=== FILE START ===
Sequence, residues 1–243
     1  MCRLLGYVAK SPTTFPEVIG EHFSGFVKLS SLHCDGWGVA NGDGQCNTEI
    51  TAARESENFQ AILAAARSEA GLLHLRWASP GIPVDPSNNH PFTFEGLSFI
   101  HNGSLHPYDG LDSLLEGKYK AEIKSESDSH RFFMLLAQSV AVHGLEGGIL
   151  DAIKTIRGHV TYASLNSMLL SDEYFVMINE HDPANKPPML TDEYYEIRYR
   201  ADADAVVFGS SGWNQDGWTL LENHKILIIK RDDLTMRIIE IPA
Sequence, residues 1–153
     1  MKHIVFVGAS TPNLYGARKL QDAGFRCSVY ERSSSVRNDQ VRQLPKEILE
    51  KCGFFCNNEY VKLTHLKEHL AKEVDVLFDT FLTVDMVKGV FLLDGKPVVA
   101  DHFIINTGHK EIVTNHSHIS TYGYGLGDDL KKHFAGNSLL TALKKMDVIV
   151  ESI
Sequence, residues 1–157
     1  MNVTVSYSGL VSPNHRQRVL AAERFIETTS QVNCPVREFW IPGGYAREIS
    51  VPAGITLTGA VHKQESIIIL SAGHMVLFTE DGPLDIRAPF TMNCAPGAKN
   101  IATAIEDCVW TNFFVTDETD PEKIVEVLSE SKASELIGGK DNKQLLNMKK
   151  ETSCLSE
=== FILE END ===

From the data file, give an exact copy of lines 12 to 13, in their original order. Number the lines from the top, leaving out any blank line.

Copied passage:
Sequence, residues 1–157
     1  MNVTVSYSGL VSPNHRQRVL AAERFIETTS QVNCPVREFW IPGGYAREIS